Good cooks know the basics: wash hands and surfaces often, be vigilant about cleanup, keep hot foods hot and cold foods cold. It's the details that sometimes puzzle us. Here, we make some sense of the lingering questions.
What's the best way to stuff a turkey?
The U.S. Department of Agriculture strongly advises against stuffing turkeys ahead of time. Warm stuffing should certainly not be put into a turkey until just before roasting. If the stuffing contains warm ingredients, such as sauteed onions or celery, get it into the bird and into the oven as soon as possible, says Marva Adams of the USDA's Meat and Poultry Hotline (888-674-6854). Chilling warm stuffing before cooking it in a turkey is not as safe because the stuffing will, through cooling and heating, spend too long at temperatures at which bacteria thrive (between 40 and 140 degrees). To be extra safe, you could bake the stuffing separately; a turkey that's not filled with stuffing actually cooks more quickly.
The USDA recommends cooking a whole turkey to an internal temperature of 180 degrees to ensure all parts are cooked. For an accurate check, insert an instant-read thermometer into the thickest part of the bird's thigh, keeping it away from the bone (the temperature will rise slightly after you take the turkey out of the oven). Remove the stuffing as soon as the bird is done.
Once and for all, which is better: wooden or plastic cutting boards?
There's no proof that either is hands-down superior. The best way to determine which will work for you is by asking yourself how you plan to clean up afterward. Even when they've been nicked by knives, wooden boards can be washed effectively by hand with hot water and dishwashing detergent. Plastic boards, while they're still new and haven't yet been marked up, can also be washed well by hand. But once worn, they must be put in the dishwasher to be sufficiently cleaned, says Dean O. Cliver, a food-safety professor at the University of California at Davis. This is because a used plastic board is likely full of knife cuts that provide potentially harmful bacteria with hiding places -- spots that are unreachable without the benefit of a dishwasher. If those germs remain in the crevices, they can sneak into foods the next time you use the board.
A good way to prevent contamination is to have a few plastic boards in different colors to use with various foods. Reserve one for raw meats, poultry, and fish; another for vegetables and other ready-to-eat foods; and so on.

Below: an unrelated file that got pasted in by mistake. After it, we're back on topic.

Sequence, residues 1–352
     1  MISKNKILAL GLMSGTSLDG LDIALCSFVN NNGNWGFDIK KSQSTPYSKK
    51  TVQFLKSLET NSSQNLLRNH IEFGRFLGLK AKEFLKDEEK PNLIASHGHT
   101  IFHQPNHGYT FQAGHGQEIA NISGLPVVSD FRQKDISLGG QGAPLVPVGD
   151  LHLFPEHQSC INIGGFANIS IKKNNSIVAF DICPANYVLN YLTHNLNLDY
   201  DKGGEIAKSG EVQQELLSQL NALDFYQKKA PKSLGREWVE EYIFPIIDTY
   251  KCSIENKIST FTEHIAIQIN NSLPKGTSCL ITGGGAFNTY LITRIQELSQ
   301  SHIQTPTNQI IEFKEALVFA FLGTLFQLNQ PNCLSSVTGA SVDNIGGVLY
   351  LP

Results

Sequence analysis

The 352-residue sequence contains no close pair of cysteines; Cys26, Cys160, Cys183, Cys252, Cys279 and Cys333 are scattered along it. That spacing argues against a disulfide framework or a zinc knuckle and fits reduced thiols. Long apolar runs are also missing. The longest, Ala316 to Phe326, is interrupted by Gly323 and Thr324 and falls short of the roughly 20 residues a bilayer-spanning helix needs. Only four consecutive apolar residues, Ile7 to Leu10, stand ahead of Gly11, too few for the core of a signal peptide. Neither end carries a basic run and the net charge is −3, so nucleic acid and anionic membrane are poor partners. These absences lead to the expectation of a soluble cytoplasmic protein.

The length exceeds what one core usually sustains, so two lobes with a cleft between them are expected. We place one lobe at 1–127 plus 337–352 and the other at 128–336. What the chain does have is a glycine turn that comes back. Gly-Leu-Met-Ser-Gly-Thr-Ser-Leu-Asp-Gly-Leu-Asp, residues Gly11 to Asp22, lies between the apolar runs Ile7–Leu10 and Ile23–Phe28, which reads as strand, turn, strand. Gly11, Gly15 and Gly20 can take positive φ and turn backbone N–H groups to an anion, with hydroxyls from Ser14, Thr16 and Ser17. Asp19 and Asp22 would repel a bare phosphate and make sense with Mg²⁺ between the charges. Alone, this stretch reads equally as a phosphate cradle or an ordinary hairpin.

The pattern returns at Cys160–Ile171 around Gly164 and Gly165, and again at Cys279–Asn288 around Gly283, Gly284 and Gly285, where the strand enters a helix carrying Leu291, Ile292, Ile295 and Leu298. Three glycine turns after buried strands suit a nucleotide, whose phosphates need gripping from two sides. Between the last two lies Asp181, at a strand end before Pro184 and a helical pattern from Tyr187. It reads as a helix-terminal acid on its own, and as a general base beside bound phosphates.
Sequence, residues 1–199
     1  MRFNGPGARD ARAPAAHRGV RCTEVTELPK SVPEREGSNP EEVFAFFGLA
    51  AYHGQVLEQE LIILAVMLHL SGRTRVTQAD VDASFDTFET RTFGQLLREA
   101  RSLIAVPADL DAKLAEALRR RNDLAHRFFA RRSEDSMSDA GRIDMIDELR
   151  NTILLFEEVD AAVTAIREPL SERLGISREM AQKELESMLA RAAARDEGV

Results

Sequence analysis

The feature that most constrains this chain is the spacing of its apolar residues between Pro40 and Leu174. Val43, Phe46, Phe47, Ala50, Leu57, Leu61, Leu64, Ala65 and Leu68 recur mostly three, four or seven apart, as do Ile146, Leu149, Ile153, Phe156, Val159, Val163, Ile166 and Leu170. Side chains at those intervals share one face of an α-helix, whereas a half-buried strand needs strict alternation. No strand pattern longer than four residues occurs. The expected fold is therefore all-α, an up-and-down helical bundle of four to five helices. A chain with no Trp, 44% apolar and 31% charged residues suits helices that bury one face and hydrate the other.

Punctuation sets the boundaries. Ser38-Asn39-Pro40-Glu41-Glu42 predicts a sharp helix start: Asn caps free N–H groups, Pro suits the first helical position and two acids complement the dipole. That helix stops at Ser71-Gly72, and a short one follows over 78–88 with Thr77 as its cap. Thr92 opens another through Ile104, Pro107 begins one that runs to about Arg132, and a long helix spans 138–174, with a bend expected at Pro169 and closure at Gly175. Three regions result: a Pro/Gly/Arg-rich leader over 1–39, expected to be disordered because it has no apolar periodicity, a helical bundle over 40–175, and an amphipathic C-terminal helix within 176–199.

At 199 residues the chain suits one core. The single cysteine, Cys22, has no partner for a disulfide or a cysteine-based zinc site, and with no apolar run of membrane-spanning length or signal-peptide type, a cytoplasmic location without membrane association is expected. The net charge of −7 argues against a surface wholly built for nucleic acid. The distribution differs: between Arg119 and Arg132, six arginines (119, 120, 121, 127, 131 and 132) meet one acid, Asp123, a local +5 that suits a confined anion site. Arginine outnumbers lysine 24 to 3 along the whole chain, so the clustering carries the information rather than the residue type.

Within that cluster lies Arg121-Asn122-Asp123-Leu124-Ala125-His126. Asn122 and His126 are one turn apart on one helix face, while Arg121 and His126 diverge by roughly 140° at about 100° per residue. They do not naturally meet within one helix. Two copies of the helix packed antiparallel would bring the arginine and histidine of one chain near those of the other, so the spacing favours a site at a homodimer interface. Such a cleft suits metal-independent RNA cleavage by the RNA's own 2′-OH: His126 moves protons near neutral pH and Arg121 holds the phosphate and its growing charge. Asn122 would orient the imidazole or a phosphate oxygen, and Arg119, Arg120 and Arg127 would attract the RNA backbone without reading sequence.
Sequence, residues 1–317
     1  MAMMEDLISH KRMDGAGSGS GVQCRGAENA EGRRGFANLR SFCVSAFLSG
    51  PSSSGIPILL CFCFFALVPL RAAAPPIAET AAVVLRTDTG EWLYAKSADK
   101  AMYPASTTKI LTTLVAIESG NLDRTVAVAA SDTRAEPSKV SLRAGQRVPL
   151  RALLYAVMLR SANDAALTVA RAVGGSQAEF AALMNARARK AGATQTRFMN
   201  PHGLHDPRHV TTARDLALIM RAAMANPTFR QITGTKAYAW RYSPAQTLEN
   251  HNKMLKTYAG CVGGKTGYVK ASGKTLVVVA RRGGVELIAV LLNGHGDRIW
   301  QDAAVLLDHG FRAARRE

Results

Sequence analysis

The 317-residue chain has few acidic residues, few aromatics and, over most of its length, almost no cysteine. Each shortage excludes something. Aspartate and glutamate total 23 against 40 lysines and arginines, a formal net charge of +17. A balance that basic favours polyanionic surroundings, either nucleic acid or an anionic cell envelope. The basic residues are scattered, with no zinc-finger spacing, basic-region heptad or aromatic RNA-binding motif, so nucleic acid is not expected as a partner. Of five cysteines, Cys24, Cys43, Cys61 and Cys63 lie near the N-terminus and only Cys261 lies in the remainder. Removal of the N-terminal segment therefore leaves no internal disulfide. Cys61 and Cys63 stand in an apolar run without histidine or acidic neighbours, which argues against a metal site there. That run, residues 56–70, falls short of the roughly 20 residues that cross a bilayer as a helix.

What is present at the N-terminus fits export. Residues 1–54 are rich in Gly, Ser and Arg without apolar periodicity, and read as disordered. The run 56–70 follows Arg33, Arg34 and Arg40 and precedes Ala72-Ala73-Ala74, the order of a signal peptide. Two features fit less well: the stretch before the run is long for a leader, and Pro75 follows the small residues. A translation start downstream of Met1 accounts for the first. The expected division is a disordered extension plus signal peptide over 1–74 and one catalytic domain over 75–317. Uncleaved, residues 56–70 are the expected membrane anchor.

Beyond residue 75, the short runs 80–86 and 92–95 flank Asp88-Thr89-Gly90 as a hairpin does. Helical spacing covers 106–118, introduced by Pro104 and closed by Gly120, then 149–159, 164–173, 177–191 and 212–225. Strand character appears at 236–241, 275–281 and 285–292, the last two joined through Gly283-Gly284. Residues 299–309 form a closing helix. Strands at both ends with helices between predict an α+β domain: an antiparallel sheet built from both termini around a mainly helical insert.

Which tools are most effective for cleanup?
Bacteria multiply in items that are damp and clogged with food, so set your sponges out to dry (rather than leaving them stuck beneath a pile of dishes) after each use. Scrub brushes offer the advantage of being fast-drying and easy to rinse clean -- but they aren't much use for wiping off countertops. For that, Cliver recommends using sponges or washcloths, and sterilizing them after every use in a microwave on high for 60 seconds.
When washing your dishes by hand, it is best to let them air dry because damp cloths can transfer bacteria to your clean dishes. Stack the wet dishes so water runs off and air can circulate around them.
What's the safest and easiest way to store leftovers?
As food cools, it enters the range of 40 to 140 degrees, at which bacteria thrive. Don't let it languish at those temperatures; aim to get what remains of your holiday meal into the refrigerator or freezer within two hours of serving. To keep your foods at the proper temperatures during dinner, use chafing dishes, slow cookers, and warming trays so hot items stay hot; set containers of cold salads or other foods in bowls of ice to keep them chilled.
When packaging warm leftovers, use lidded containers 2 or 3 inches deep. Place the containers in the refrigerator (set no higher than 40 degrees) or freezer (no higher than zero) in the coldest spots (usually in the back), with an inch or two of space around each. This will promote quick, even cooling. Don't set large containers (such as a pot of hot stock) in the refrigerator because the contents will take too long to cool; instead, transfer hot foods to small, shallow storage containers, and then refrigerate.
Before putting leftover turkey away, take the meat off the bone to expedite cooling. You can store leftover turkey in the refrigerator for three or four days. Or leave it in the freezer for four to six months, labeling the containers to indicate what's inside and the date on which the food was made. (For other recommended storage times, see the chart below. Cut it out and hang it on your refrigerator, keeping in mind that freezing times are determined more by palatability than safety.)
As you reheat leftovers, make sure the internal temperature reaches 165 degrees; sauces, soups, and gravies should be brought to a rolling boil before re-serving. Perhaps most obvious, trust your senses: If the dish looks or smells unappetizing, throw it out.
Taking Food Temperatures
Ground beef, veal, lamb, or pork: 160 degrees
Beef, veal, or lamb roasts, steaks, or chops: 145 to 170 degrees
Pork roasts, steaks, or chops: 160 to 170 degrees
Ground chicken or turkey: 165 degrees
Whole chicken or turkey: 180 degrees
Stuffing, alone or in the bird: 165 degrees
Leftovers and casseroles: 165 degrees